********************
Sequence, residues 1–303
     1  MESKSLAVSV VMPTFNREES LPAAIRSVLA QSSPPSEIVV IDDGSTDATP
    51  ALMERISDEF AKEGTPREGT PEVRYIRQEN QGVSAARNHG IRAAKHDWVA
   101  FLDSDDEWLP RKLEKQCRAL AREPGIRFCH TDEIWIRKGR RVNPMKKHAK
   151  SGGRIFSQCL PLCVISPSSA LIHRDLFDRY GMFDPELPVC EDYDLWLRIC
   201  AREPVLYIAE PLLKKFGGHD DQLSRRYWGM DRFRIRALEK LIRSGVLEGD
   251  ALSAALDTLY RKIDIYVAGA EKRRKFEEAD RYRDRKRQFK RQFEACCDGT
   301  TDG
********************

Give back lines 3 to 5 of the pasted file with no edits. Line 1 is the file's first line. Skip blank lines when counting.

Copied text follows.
    51  ALMERISDEF AKEGTPREGT PEVRYIRQEN QGVSAARNHG IRAAKHDWVA
   101  FLDSDDEWLP RKLEKQCRAL AREPGIRFCH TDEIWIRKGR RVNPMKKHAK
   151  SGGRIFSQCL PLCVISPSSA LIHRDLFDRY GMFDPELPVC EDYDLWLRIC